And, last but certainly not least, there’s also American-born Alex Corbisiero (Northampton Saints) who was first spotted as a 15-year-old at Cobham RFC and now has 19 caps for England.
Did you know?
Folklore has it that William Webb Ellis invented rugby when he picked the ball up during a football match at Rugby School in 1823.
At the base of the scrum
With Twickenham just on the borders of our county, Pennyhill Park in Bagshot has long been the official England training base, with folk who stay at the luxury hotel occasionally bumping into players at breakfast.
“It feels like only yesterday that we were congratulating England on winning the 2003 Rugby World Cup when the squad were staying here with us,” says Pennyhill Park general manager, Julian Tomlin.
“Since that exciting time, we have not only been the official England training base but have also made great strides in the quality of the pitch and have added new training facilities.”
Elsewhere in Surrey, a number of other venues have been confirmed as bases for the visiting teams too, including Surrey Sports Park in Guildford (Italy and Ireland); Cobham RFC (Italy and Namibia); and Trinity School in Croydon (France).
“Surrey Sports Park already has a proud history of hosting elite teams and athletes, including English Premiership’s Harlequins and 2014 Women’s Rugby World Cup champions, England,” says chief executive, Paul Blanchard.
Basically, you’ll be quite hard-pressed not to bump into a rugby star at our hotels and sports venues!
Did you know?
The first Rugby World Cup took place in 1987 with Australia and New Zealand joint hosts. The All Blacks won it.
What is a hooker?
Rugby terminology that will help ease water cooler chats for the previously uninitiated…
Conversion: A two-point (if successful) kick at the posts after a try is scored.
Drop goal: A kick at the posts from the hands, taken at any time. The most famous example is Jonny Wilkinson’s World Cup winning kick in Australia.
Haka: An intimidating cultural performance by many Southern Pacific teams as a challenge before a match. The All Blacks (New Zealand) set the bar.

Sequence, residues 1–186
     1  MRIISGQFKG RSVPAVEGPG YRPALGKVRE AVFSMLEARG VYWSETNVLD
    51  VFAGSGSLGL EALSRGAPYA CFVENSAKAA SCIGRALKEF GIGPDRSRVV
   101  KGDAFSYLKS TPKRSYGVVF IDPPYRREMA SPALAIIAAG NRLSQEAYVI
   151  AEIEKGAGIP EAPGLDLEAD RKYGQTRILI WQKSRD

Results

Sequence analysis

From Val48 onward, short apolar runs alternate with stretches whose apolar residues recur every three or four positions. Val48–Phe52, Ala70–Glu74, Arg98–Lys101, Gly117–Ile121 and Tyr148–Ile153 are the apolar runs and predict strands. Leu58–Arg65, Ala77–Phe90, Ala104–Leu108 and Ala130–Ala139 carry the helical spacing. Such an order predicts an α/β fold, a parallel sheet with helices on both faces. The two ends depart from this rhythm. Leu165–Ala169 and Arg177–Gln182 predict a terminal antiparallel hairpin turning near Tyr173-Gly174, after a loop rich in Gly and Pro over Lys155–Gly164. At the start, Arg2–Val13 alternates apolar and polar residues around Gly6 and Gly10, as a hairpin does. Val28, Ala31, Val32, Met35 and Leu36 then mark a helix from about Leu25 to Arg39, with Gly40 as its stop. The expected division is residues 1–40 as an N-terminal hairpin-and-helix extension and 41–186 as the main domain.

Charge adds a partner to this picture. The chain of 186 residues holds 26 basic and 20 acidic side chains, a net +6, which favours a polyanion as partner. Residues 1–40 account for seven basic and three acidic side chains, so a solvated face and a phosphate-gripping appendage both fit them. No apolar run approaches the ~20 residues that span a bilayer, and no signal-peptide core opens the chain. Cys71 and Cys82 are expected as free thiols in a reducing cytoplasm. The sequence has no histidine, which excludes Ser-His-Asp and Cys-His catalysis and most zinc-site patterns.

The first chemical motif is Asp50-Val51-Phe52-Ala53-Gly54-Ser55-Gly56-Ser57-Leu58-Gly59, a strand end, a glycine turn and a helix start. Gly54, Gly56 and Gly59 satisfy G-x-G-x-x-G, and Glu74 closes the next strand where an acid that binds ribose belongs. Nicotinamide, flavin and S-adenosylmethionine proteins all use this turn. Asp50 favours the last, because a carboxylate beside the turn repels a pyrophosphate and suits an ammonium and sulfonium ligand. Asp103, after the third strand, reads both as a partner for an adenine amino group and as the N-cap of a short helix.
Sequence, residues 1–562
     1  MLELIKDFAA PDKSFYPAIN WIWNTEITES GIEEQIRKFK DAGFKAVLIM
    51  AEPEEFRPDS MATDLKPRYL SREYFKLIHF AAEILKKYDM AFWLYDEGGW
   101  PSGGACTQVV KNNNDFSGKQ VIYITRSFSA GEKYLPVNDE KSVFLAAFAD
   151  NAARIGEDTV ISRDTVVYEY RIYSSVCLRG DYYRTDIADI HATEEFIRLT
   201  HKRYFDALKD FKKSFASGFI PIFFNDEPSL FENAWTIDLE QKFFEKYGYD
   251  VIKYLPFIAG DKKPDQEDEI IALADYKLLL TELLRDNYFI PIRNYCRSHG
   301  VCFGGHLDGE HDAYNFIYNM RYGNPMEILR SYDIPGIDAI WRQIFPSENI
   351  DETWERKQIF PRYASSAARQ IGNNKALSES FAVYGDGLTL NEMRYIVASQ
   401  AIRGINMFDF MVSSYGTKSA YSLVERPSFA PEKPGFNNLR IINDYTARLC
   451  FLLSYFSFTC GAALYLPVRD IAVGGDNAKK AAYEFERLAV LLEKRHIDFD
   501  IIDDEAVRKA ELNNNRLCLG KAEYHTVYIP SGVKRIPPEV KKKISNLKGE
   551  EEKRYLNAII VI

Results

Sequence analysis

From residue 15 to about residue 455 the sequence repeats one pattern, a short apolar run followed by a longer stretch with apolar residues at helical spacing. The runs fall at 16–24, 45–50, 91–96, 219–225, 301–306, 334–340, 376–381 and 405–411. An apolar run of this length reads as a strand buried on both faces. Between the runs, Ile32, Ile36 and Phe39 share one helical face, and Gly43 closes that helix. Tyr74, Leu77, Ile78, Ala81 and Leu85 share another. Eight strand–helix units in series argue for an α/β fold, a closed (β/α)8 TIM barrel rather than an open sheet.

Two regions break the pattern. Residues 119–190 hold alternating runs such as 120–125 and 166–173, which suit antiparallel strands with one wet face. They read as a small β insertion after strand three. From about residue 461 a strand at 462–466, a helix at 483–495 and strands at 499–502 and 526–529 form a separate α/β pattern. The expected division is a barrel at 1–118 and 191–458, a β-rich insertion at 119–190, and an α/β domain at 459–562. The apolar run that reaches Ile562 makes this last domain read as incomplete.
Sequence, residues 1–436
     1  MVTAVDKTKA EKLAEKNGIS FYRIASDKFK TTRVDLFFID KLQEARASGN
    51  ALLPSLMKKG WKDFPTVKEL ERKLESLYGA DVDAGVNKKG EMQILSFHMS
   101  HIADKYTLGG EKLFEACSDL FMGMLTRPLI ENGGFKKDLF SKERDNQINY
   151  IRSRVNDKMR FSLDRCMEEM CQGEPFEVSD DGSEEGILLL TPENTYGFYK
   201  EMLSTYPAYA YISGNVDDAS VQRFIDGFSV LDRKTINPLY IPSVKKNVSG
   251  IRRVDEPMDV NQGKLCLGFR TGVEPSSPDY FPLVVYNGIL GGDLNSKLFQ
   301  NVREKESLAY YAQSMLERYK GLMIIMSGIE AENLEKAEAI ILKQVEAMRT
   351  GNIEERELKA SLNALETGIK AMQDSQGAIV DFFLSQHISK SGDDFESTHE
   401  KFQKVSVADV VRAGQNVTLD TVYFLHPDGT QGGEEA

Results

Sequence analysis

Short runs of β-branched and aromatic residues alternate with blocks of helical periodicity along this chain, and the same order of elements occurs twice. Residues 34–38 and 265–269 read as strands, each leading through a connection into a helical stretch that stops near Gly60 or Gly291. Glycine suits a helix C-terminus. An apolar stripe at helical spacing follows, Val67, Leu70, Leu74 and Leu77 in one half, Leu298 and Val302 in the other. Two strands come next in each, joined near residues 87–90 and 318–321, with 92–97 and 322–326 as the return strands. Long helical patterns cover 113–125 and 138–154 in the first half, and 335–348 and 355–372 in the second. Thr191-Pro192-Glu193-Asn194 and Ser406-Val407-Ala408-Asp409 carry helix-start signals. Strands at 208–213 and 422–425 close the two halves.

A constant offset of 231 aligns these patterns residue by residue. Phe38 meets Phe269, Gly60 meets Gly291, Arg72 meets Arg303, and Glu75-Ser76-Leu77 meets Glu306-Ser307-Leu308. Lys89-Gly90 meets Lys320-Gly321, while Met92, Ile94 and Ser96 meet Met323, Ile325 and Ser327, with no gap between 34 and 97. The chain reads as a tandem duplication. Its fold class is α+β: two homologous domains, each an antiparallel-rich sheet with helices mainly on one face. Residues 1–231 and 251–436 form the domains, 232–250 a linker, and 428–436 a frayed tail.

Hooker: Stop the giggling at the back. A front row forward, the hooker will normally also take the line-out throws.
Line-out: The set piece that re-starts play after the ball has gone into touch (off at the sides). Both sets of forwards line up opposite each other and compete for a ball thrown down the middle.
Maul: This refers to when a player is tackled but manages to keep on his feet long enough for his own players to provide support and attempt to push him and the ball further up the pitch.
Offsides: During rucks, scrums, line-outs, and mauls, players must remain behind an imaginary line. Much like with football, the awarding (or not) of penalties for offsides can cause confused discussion – and complaints about the officiating.
Ruck: This is what’s happening when the players all appear to be lying on the ground scrapping for the ball…
Scrum: When rugby fans attempt to get a beer at half-time. And the formation used to re-start play after a knock-on or forward pass. Opposing players gather, crouch and drive at each other attempting to push the other side back. Crouch, touch, pause, engage… or crouch, bind, set... or...
Sin-bin: What happens to rugby fans who enjoy their match pints a little too freely. And a temporary punishment for players who get a little carried away with their aggression and need to cool down.
Try: When a player leaps (or falls) over the other team’s try line (the bit at the end of the pitch by the posts) for a score of five points.
Webb Ellis Trophy: The bit of metal that all the competitors are hoping to win…
Dates for your diary
Friday September 18, 8pm
England v Fiji
Saturday September 26, 8pm
England v Wales
Saturday October 3, 8pm
England v Australia
Quarter-finals: Saturday October 17 and Sunday October 18
Semi-finals: Saturday October 24 and Sunday October 25
Final: Saturday October 31